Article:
Births Deaths Marriages, Maternal Kin, Newspaper Articles, North Carolina, Photographs

Roadtrip Chronicles, no. 1: Statesville cemeteries.

I made it to Statesville in good time Sunday and drove straight to the only place I really know there — South Green Street. My great-aunt, Louise Colvert Renwick, had lived there for decades, across from the street from the Green Street cemetery. As I approached her house, my eye caught a small memorial just off the curb.


Funny what you see when you’re looking. (And look closely at the plaque. Committee member Natalie Renwick is my first cousin, once removed.)

It seems odd to me that, when we were all gathered at Aunt Louise’s for the first Colvert-McNeely reunion, no one mentioned that Colverts and McNeelys were buried across the street. (Or maybe my 14 year-old self just paid no attention?) I’ve only found three graves — those of John Colvert, his wife Addie Hampton Colvert, and their daughter Selma — but there are certainly many more. Lon W. Colvert, for one. (Or was it? His death certificate indicates “Union Grove,” but why would he have been buried up there?*) And his son John W. Colvert II. And Addie McNeely Smith and Elethea McNeely Weaver and Irving McNeely Weaver, who was brought home from New Jersey for burial.

The cemetery looks like this though:


And not because it’s empty. Though closed to burials for 50 or more years, it is probably nearly full of graves either unmarked or with lost or destroyed markers. Here’s one that’s nicely marked, however, and that would I recall before 24 hours had passed:


From Green Street, I headed across town to Belmont, Statesville’s newer black cemetery. I knew Aunt Louise, her husband and son Lewis C. Renwick Sr. and Jr. were buried in Belmont, and I was looking for several McNeelys whose death certificates noted their burials here. I found Ida Mae Colvert Stockton‘s daughter Lillie Stockton Ramseur (1911-1980) and her husband Samuel S. Ramseur (1912-1989). Then Golar Colvert Bradshaw‘s husband William Bradshaw (1894-1955) and son William Colvert Bradshaw (1921-1988). (William was buried with his second wife. Golar, who died in 1937, presumably was interred at Green Street.) No McNeelys though. I expected to find both Lizzie McNeely Long and Edward McNeely, who had a double funeral in 1950, but their graves seem to be unmarked.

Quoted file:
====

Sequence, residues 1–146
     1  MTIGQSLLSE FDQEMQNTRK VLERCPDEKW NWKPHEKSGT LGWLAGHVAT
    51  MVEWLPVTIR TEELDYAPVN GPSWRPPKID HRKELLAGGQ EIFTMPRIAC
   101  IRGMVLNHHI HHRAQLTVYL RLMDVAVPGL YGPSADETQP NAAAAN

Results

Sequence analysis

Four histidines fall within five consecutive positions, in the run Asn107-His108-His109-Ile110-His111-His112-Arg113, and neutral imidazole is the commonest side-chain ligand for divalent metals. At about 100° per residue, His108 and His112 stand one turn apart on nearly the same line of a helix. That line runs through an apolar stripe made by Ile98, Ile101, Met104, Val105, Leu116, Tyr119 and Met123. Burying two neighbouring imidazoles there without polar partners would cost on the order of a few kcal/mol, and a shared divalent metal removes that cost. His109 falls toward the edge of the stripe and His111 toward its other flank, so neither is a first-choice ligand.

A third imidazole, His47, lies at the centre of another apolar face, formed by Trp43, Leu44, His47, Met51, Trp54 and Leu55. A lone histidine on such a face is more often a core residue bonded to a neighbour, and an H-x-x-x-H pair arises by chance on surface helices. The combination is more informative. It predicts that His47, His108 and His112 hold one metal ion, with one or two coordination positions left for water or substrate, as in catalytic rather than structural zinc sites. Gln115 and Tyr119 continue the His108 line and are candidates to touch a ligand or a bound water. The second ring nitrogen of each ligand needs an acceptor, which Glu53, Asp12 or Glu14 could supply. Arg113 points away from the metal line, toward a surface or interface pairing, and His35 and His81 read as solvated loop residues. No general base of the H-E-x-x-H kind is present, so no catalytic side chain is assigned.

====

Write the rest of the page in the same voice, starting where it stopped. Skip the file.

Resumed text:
I was also looking for my great-grandmother, Carrie McNeely Colvert Taylor. The whole business was turning into a big disappointment. At street’s edge, I turned to head back to my car. And gasped. There, at my feet, wedged at the base of a tree:


What in the world? This is clearly not a gravesite. And, on the other side of the tree, there’s an identical stamped concrete marker for Lewis C. Renwick Sr., who died almost exactly a year after Carrie. What’s odd, though, is that he has a granite marker a couple hundred feet away in another section of the cemetery with his wife (Carrie’s daughter Louise) and oldest son. Is Grandma Carrie actually buried in the Renwicks’ family plot? Were her and Lewis Renwick’s makeshift stones pulled up to be replaced by better markers? If so, where is Grandma Carrie’s? And why were both dumped at the edge of the cemetery?


Here’s an overview of Belmont cemetery. (1) is the approximate location of Carrie M.C. Taylor’s broken marker. (2) is the approximate location of the Renwick plot.


I’ll pose those questions to Statesville’s cemetery department. If Grandma Carrie has no permanent stone, she’ll get one.

* After noticing that Irving Weaver’s obit also mentioned Union Grove cemetery, though the McNeelys had no ties to that township in northern Iredell County, I searched for clues in contemporary newspapers. Mystery cleared. Green Street cemetery is Union Grove cemetery:


The Evening Mascot (Statesville), 3 April 1909.

Agriculture, Land, Newspaper Articles, North Carolina

An educated colored man comments.


After a few observations about colored dockworkers in Norfolk and the spirit of brotherly love that enveloped black and white railroad workers, Alfred Islay Walden arrived in Wayne County. At Mount Olive, he asserted confidently that “nearly all the families own their homes and farms” and marveled at the reported wealth of “some men.” The former is not true, but the latter could have been a reference to the members of the Simmons and Wynn families, whose relative wealth dated back to their status as free skilled craftsmen and landowners in the antebellum era.